Let’s Really Talk About Sex

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Let’s Really Talk About Sex

Molly Tafoya

My problem with the sex education I received had little to do with content, which was fairly comprehensive, and more to do with the delivery. Sex was presented as something shameful and embarrassing, more of an awkward chore than an essential component of a young person's education.

I was lucky. "The talk" with my mother was relatively painless. I have a very progressive mother with very informed opinions, and as a single mother she knew what she wanted and didn't want for her daughter. She did her part, but I am of the opinion that it takes a village to raise a child and that my village tried…but fell flat, and the reasons are different than what you might expect.

There are so many ideas about what makes sex education comprehensive. Unfortunately, the current administration has decided that abstinence-only-until-marriage education is the most comprehensive despite the fact that it's the least effective. Luckily, my educators did not feel the same way. My problem with the sex education I received had little to do with content, which was fairly comprehensive, and more to do with the delivery.

The way sex was presented to me was something shameful and embarrassing, more of an awkward chore than an essential component of a young person's education. In the fifth grade, I learned about human sexuality and the fascinating processes of the human body as well as ways to protect myself against STD's by using condoms and abstaining. But it was SO AWKWARD. What I remembered most about that day was my teacher trying to hide her face. She was so painfully embarrassed by the whole situation that she didn't say a word and just put in a video. I learned about sex by a cartoon duck who didn't teach me how to talk about sex, just what sex is. There is so much more to it though. Yes, obviously, it is a physical encounter between people, but when you start thinking about all of the emotional and religious justifications our paternalistic government has come up with to rationalize their abstinence-only agenda which would "protect" our young people (read: our defenseless little girls), there is clearly much more to sex than physical contact. I don't agree with the agenda, but it's pretty clear that sex is complicated.

The sex education that I received in high school was basically the same as in the fifth grade with a few more details and a condom demonstration that was ridiculous. No one took it seriously, and to be perfectly honest, it was about one year too late for many of the girls in my tenth grade class. Was it useless? Absolutely not. I learned what I could and appreciated the fact that I was getting a comprehensive lesson. But looking back, what I remember most was the embarrassment and the angst we all felt, especially our teacher.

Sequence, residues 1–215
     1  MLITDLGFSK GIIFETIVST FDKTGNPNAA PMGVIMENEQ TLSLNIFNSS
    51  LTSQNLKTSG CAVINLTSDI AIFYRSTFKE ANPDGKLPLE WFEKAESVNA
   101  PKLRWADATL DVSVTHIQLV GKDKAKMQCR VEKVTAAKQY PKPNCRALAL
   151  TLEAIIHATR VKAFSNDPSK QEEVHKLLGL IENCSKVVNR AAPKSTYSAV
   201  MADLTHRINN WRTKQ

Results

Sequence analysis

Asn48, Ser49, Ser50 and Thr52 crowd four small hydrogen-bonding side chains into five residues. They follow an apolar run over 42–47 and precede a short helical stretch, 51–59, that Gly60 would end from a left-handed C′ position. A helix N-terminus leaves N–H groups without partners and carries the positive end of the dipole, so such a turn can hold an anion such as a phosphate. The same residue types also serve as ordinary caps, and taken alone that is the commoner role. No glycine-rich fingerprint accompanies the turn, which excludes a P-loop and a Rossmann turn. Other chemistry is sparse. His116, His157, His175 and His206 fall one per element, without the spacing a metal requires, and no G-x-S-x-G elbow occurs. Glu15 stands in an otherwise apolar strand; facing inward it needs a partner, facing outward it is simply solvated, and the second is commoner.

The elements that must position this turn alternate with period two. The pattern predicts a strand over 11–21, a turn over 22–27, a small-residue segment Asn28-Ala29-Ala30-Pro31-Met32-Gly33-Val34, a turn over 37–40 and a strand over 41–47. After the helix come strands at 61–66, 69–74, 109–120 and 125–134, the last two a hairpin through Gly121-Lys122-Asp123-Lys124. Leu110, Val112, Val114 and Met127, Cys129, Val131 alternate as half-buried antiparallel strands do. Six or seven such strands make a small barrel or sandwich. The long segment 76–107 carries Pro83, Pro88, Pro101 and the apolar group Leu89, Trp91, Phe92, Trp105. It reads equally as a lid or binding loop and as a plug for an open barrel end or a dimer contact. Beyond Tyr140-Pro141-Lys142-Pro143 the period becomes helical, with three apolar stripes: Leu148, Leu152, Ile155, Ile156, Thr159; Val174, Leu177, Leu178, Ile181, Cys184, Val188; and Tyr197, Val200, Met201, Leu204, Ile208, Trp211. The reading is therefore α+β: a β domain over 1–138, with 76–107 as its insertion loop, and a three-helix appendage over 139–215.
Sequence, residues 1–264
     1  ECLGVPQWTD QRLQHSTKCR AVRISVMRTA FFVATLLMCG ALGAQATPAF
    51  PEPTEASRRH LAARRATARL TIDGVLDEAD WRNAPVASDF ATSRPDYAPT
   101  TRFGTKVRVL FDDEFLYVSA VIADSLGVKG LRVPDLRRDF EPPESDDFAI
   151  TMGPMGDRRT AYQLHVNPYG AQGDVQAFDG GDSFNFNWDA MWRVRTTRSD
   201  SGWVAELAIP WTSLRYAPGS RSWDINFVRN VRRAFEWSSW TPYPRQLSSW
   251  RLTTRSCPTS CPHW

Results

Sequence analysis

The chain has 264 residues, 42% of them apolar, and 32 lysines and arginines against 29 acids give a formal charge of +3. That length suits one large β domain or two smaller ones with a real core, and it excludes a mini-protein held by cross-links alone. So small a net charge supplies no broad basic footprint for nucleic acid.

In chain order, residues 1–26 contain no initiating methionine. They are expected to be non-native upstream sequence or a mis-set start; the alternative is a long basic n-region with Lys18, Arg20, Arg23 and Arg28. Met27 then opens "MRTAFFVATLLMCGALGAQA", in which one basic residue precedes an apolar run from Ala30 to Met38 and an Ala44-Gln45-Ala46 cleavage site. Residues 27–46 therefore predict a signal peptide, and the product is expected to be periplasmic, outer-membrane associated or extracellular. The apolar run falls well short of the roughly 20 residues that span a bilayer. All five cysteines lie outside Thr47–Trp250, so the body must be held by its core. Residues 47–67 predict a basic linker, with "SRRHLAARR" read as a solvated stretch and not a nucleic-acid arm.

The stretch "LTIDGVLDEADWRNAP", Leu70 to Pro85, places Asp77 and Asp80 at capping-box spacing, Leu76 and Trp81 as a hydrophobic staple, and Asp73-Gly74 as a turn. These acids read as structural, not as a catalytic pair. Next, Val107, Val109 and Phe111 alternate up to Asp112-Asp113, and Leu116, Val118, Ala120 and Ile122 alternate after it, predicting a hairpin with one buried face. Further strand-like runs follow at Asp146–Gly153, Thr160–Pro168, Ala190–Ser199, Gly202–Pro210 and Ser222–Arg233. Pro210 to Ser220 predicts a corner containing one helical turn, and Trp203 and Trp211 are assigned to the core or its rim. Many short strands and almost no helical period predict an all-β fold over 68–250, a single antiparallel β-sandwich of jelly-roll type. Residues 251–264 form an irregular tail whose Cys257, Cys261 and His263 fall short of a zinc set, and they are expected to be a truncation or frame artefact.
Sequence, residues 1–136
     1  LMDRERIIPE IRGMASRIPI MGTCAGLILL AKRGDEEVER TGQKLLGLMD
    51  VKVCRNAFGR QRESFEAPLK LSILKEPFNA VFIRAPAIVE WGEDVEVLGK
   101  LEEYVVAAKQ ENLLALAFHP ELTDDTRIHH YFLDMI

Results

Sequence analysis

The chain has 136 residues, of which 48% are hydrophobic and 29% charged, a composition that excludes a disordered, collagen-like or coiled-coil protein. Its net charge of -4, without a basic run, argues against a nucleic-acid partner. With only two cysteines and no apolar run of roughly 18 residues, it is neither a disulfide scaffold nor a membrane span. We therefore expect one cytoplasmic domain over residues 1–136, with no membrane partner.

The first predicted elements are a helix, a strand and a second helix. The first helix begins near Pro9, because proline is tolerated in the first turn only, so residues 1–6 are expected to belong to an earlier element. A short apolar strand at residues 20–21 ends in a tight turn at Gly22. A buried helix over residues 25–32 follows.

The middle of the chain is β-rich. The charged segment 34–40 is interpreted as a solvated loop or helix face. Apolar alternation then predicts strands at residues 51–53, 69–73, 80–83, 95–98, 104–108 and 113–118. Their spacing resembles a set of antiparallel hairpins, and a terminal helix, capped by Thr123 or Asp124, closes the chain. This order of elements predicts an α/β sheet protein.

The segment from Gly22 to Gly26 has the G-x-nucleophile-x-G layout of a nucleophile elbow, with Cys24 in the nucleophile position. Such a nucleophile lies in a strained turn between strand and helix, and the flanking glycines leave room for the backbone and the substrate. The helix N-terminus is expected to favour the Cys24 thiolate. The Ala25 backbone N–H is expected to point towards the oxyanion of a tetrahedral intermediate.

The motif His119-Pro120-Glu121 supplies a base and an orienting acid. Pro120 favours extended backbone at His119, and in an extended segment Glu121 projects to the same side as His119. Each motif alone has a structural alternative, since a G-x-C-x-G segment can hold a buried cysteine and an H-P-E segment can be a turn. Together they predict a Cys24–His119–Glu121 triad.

Roe is gone. The chaos is just beginning.

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Alternatives? Solutions? Yes! Sex needs to be discussed in an environment like the one my mom and I had. Questions were answered and encouraged, not shunned or averted, or answered by cartoon rubber duckies. Young men and women deserve to have meaningful conversations about sex in a learning environment so that they can foster an awareness that sex is something to be taken seriously but, if given the information and the resources, it can be safe and fun. It's the same with other classes. You learn about a subject and then you're expected to make rational conclusions and give an analysis of the situation. Sex is well…sexier, than that sounds but the philosophy is still consistent. It's crucial that young people feel that they can talk about sex, and not in the "Dude, I got lucky last night" way, or the "sexual intercourse involves the sexual organs of two individuals." It needs to be more of a dialogue between educators and us.

I wish I didn't sit there praying the class would end. I wish I would have asked what happens if the condom breaks? How much is birth control? Are there any pills for the boys? Can I get AIDS through kissing? When, exactly, am I fertile? Can I buy condoms if I'm under 18? These questions may seem silly, but they were real for me at 15 years old. I learned the basics about sexual intercourse, but I was ashamed to be asking some very poignant and relevant questions. I had internalized shame and guilt. My education failed me. Sex is not bad! It's not evil and it doesn't have to be dangerous. I didn't ever learn that from that damn cartoon duck.

Remember sex-ed in high school? The young people from around the country who’ve submitted their videos to our Fresh Focus: Sex Ed Digital Video Contest do! And they have a lot to say on the subject! From artistically breath-taking to just plain hilarious, these videos tell the individual and collective stories of young people about the sexuality education they’ve had, the sex-ed they wish they’d had or the way they envision sex-ed for the future!

Starting today, each day we’ll feature one or two of the top ten video in a blogpost on our site. All you need to do is VOTE for your top THREE favorites!!